11:00 a.m. to 12:30 p.m.
The culinary heritage of African Americans is rooted in a history of survival and triumph. During periods of migration out of the South descendants of enslaved Africans in America spread their food traditions to many regions in the U.S. and sparked an evolution in American cuisine. The African American culinary tradition, commonly referred to as “Soul Food” is as broad and diverse as the African American community that gave birth to its rise. Many of the dishes and meals that Americans enjoy today were developed in the pots and pans of those descendants of enslaved Africans. This program will:
● Celebrate the ancestral ties of West African foodways that were brought to the U.S. through the Middle Passage and the culinary traditions developed by African Americans throughout their history in the U.S.
● Honor the culinary traditions of descendants of enslaved Africans in America and their migration and culinary evolution to regions outside of the South
● Explore plant-based adaptations of various Soul Food dishes
● Highlight African American foodways in a way that may illuminate their broader historical and regional influence
Six-Class Series Description
Class 1: The Power of Your Plate
The first class will introduce the concepts of plant-based eating for preventing and treating common chronic diseases including heart disease, overweight and obesity, and diabetes. We will discuss key strategies to successfully changing one’s eating patterns to achieve optimal health. Become familiar with The African Heritage Power Plate and explore plant-based meal planning for the week.
Class 2: Foods for a Healthy Heart
Research shows that a plant-based diet does not just prevent heart disease. It can also manage and sometimes even reverse it. Cardiovascular disease is the leading cause of death in the U.S. and around the world. Eating habits and other lifestyle factors play a key role in determining the risk. Pioneering studies by Dean Ornish, MD, Caldwell Esselstyn Jr., MD, and others have shown that a low-fat, plant-based diet combined with regular exercise and a healthful overall lifestyle can prevent, delay, and even reverse heart disease and other cardiovascular events. Dr. Ornish’s landmark study tested the effects of a plant-based diet on participants with moderate-to-severe heart disease. There were no surgeries or stents — just simple diet and lifestyle changes. Within weeks, 90% of chest pain diminished. After just one month, blood flow to the heart improved. After a year, even severely blocked arteries reopened. At the Cleveland Clinic, Dr. Esselstyn tested the same approach on patients with severe heart disease and published similar results. Thirty years later, all of the compliant patients are still thriving. Plant-based diets benefit heart health because they contain no dietary cholesterol, very little saturated fat, and abundant fiber. Meat, cheese, and eggs, on the other hand, are packed with cholesterol and saturated fat which cause plaque buildup in the arteries, eventually leading to heart disease. A plant-based diet can also help improve several risk factors for heart disease:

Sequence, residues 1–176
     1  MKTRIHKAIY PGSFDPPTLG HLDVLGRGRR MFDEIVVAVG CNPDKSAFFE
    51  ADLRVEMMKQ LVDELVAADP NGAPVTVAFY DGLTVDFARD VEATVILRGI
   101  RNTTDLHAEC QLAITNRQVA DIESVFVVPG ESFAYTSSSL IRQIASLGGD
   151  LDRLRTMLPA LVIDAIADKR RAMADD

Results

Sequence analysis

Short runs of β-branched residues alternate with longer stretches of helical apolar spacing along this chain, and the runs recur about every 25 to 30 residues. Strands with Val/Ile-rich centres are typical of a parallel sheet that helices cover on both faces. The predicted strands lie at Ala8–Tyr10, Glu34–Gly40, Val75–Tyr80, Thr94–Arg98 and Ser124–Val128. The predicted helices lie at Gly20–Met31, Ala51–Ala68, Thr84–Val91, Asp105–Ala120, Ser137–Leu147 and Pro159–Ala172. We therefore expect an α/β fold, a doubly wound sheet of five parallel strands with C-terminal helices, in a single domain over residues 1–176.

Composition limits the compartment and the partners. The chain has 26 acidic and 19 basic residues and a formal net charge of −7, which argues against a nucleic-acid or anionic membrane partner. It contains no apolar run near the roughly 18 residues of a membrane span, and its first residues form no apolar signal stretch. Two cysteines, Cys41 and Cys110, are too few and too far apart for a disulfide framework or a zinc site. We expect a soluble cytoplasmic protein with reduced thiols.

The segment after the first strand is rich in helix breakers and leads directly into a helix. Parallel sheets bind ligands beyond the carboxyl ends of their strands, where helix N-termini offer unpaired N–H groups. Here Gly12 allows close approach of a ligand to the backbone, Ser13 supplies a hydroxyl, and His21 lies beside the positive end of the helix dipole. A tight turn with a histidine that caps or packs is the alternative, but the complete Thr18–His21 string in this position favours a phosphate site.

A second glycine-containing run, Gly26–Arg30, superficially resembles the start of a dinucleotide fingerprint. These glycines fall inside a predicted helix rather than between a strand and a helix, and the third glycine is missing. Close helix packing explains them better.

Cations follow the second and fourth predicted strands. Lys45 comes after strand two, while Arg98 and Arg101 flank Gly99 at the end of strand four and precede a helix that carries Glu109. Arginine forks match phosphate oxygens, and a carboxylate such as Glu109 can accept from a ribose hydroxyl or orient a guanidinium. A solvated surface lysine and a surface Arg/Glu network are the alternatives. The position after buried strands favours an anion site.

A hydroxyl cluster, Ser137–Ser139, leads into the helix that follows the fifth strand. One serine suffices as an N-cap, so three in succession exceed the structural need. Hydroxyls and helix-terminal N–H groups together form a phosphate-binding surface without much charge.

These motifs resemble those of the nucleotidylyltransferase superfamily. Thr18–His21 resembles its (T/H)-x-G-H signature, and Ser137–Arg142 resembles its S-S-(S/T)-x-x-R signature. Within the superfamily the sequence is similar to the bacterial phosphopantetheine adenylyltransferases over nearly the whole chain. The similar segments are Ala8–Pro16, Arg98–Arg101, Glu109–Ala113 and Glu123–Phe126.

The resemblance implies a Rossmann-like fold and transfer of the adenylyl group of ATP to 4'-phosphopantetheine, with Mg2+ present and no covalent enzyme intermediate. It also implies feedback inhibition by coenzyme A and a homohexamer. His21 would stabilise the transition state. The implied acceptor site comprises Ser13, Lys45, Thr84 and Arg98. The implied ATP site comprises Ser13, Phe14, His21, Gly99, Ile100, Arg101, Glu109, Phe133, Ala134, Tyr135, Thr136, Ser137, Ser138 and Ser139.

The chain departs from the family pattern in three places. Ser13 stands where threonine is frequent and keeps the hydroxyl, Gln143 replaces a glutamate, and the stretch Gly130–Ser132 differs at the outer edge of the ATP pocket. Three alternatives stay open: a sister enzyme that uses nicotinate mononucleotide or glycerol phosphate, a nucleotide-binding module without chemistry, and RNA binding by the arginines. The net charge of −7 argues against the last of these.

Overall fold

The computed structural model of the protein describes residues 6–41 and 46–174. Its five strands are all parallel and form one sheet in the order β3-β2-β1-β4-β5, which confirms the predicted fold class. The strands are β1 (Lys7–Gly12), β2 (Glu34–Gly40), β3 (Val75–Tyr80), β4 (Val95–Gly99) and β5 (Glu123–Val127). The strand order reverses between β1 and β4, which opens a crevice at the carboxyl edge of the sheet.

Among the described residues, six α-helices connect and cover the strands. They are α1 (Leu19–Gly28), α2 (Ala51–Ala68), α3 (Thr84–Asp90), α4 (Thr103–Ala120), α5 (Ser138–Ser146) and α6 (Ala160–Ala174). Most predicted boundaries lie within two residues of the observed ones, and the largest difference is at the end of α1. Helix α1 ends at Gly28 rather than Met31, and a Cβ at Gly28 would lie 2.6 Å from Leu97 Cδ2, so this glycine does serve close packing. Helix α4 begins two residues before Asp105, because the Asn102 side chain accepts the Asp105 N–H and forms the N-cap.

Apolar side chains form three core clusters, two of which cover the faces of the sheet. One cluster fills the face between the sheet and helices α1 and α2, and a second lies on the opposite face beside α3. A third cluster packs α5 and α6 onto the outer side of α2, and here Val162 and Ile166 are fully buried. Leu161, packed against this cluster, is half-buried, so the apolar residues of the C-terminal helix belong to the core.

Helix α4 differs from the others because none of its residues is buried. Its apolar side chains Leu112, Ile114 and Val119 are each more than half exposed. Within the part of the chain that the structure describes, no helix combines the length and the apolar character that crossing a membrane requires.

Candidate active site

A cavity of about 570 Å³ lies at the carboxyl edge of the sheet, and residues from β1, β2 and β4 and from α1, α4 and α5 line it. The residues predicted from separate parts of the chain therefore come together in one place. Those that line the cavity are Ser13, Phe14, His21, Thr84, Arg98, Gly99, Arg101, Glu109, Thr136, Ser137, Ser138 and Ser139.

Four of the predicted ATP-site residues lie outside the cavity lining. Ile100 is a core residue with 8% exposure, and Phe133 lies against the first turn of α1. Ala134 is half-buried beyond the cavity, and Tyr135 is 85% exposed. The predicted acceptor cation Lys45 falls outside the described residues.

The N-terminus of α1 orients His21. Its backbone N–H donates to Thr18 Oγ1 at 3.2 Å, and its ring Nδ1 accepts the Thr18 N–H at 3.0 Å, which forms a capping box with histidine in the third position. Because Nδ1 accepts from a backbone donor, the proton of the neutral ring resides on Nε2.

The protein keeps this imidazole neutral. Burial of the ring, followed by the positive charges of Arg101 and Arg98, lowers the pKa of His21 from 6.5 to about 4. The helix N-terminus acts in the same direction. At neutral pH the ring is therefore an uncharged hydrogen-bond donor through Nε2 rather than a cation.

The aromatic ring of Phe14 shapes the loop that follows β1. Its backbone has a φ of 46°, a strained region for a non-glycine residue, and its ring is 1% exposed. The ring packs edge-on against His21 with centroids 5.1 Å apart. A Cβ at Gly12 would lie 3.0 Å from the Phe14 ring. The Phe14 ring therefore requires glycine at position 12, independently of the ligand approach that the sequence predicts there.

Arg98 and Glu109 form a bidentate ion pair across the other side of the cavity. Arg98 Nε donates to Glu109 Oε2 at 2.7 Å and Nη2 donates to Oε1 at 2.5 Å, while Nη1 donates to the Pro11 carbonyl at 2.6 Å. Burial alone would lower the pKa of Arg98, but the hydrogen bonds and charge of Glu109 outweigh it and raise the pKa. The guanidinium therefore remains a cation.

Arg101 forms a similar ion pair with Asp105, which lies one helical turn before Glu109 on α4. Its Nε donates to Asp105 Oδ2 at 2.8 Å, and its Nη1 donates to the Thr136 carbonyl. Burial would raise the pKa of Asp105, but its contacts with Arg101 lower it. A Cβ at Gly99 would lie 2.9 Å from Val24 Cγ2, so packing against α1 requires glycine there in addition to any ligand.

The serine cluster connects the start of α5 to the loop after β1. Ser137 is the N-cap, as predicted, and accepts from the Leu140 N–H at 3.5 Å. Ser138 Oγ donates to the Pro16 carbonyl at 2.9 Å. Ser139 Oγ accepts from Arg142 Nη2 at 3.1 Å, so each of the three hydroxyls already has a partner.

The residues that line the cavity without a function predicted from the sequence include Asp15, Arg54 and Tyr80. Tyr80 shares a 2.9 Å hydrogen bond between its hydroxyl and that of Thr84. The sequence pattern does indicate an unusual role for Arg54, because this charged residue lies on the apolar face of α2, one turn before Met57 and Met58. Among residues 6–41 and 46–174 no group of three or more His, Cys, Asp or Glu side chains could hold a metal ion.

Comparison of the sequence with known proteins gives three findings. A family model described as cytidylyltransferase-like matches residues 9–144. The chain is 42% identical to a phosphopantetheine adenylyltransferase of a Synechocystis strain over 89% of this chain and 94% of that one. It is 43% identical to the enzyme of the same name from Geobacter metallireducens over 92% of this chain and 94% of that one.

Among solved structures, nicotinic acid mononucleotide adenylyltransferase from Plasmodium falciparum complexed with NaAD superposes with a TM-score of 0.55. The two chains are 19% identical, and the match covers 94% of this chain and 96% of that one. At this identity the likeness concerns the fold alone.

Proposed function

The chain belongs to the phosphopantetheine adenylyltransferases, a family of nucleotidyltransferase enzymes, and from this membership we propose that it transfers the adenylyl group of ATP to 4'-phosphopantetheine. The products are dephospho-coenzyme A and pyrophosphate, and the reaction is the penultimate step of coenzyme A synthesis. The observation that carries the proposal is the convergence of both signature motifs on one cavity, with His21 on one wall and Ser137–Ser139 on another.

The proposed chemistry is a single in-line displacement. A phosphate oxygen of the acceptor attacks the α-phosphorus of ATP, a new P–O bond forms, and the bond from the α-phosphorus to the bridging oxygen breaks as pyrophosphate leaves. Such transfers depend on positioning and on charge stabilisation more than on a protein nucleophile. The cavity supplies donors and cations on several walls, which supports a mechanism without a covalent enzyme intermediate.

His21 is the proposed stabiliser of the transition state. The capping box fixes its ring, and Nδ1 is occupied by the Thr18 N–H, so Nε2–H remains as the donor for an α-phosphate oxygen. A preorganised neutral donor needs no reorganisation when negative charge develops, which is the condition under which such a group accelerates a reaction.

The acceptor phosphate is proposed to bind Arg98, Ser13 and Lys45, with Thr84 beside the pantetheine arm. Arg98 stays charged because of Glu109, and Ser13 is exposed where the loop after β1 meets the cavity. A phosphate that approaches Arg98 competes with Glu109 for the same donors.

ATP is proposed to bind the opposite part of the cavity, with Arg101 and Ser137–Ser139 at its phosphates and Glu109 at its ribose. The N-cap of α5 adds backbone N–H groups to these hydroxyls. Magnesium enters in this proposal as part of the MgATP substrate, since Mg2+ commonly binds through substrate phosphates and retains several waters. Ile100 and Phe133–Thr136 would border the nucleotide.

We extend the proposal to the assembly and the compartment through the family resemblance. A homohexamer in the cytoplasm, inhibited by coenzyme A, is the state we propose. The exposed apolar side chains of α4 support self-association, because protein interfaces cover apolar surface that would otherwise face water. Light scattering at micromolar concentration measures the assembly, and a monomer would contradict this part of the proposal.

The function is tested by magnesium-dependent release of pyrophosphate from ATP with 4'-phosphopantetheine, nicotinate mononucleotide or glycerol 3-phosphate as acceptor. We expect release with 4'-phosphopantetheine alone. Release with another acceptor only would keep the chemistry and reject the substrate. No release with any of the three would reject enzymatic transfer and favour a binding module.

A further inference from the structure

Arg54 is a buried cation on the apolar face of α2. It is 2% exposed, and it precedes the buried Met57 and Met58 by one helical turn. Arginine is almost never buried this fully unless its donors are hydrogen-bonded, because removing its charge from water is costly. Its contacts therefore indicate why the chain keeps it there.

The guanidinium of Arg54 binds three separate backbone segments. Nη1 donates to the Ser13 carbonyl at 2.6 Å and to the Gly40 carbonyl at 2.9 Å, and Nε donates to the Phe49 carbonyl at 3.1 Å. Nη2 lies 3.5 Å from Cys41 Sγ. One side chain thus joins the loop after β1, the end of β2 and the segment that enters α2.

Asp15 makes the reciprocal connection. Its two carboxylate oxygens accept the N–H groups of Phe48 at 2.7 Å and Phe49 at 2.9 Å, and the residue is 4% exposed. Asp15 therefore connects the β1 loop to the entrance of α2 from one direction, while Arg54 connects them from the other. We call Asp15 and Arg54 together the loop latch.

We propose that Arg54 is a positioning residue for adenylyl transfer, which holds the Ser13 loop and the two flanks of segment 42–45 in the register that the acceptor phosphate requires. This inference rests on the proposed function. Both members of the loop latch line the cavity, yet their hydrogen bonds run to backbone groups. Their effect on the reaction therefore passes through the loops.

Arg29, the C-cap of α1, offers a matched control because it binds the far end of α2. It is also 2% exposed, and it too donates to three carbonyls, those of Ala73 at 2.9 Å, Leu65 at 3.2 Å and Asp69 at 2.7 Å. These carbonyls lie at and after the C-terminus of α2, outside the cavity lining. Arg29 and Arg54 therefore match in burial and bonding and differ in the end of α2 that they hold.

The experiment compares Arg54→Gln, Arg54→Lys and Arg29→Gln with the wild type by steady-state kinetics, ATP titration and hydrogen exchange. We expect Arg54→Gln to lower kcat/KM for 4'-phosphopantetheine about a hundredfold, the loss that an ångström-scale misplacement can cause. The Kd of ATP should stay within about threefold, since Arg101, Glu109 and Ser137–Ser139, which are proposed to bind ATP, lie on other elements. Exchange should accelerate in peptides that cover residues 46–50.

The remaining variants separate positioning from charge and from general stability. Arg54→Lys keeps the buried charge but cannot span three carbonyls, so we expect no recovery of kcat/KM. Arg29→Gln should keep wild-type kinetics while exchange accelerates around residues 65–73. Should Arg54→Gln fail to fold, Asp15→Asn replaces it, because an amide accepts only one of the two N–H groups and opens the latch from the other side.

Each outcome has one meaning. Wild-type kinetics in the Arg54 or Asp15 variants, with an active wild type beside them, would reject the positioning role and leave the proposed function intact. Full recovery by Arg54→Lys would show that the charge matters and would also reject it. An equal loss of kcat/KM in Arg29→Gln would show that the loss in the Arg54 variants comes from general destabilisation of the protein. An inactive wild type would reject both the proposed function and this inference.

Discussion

Class 3: Introduction to How Foods Fight Diabetes
The road to diabetes does not have to be a one-way street. There is reason for hope. People who eat plant-based meals are less likely to ever develop diabetes, and for those who have diabetes, plant-based meals can help to improve blood sugar levels and prevent complications. These meals are affordable and can be quite delicious and satisfying. A low-fat, plant-based approach offers a new tool that many have found to be very useful. Review the latest science behind this approach, consider some simple ideas for getting started, sample four dishes, and explore useful resources.
Class 4: Introduction to How Foods Fight Cancer
Certain diet patterns seem to have a major effect in helping people diagnosed with cancer live longer, healthier lives. National Cancer Institute research shows that as much as 33% of cancer risk may be related to diet. In this class, you will learn about the right food choices that can help reduce the risk of developing cancer as well as prevent a recurrence.
Class 5: Designing a Diet for Maximum Weight Control
This is not a “diet” that asks you to walk around hungry or feel deprived. How can you lose weight, if needed, without skipping meals or limiting your portions? In a word, it’s all about FIBER. Plant foods have it and animal foods do not. Fiber is what makes us feel full, and, as a bonus, it also helps to control blood sugar levels, protects against certain cancers, and, of no small importance, it keeps us “regular.” Learn to comfortably fill up on whole foods and watch the pounds melt away. Enjoy some delicious high-fiber African American dishes.
Class 6: Making It Work for You
As the final class of the series, participate in a send-off celebration or graduation for completing the series. Sticking to a new way of eating can take some planning. In this class, we’ll consider occasions that have the potential to present challenges — whether it is eating at work, during the holidays, or while traveling.